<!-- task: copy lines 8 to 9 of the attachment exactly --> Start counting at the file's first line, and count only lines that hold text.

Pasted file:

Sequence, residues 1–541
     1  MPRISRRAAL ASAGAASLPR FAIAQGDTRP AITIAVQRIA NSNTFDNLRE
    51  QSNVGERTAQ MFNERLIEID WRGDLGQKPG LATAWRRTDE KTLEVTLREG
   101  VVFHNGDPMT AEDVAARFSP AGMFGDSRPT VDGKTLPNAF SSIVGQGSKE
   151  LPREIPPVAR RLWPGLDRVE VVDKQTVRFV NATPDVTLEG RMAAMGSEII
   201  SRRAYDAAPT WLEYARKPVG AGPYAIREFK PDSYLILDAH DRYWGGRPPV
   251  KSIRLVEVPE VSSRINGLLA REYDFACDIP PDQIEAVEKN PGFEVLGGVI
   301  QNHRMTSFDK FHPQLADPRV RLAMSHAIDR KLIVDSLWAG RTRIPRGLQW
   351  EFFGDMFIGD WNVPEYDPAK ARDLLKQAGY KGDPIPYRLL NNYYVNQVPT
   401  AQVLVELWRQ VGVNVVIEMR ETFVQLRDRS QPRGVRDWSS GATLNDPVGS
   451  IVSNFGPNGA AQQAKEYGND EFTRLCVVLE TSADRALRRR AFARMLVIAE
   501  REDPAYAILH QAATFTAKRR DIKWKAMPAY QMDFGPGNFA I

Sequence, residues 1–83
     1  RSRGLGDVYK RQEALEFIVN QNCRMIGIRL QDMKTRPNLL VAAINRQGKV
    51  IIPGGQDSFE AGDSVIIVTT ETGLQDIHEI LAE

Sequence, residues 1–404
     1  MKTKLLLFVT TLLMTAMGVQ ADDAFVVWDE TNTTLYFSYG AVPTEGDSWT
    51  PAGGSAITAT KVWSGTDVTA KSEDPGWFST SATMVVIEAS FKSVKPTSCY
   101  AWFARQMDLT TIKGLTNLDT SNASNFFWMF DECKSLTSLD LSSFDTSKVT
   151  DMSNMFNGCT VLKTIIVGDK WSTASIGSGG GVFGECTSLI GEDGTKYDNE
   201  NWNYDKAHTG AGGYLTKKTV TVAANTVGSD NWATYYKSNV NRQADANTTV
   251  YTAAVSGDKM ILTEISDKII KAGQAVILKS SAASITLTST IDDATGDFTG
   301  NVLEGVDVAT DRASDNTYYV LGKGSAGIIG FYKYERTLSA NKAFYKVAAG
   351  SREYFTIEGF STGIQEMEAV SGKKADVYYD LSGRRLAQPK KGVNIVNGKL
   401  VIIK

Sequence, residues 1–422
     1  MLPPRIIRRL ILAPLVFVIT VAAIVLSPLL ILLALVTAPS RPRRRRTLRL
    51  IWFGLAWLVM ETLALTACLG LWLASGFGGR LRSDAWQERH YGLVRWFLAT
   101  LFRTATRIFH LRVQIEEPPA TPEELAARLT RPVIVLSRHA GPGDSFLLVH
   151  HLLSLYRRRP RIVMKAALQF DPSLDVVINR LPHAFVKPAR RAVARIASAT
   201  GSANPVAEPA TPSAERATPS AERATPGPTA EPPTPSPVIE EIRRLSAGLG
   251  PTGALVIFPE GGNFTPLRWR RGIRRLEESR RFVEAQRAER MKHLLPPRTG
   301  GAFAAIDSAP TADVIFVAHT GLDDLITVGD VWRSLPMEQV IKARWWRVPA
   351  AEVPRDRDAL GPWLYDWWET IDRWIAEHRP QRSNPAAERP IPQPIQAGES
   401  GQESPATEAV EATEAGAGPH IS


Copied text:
   301  QNHRMTSFDK FHPQLADPRV RLAMSHAIDR KLIVDSLWAG RTRIPRGLQW
   351  EFFGDMFIGD WNVPEYDPAK ARDLLKQAGY KGDPIPYRLL NNYYVNQVPT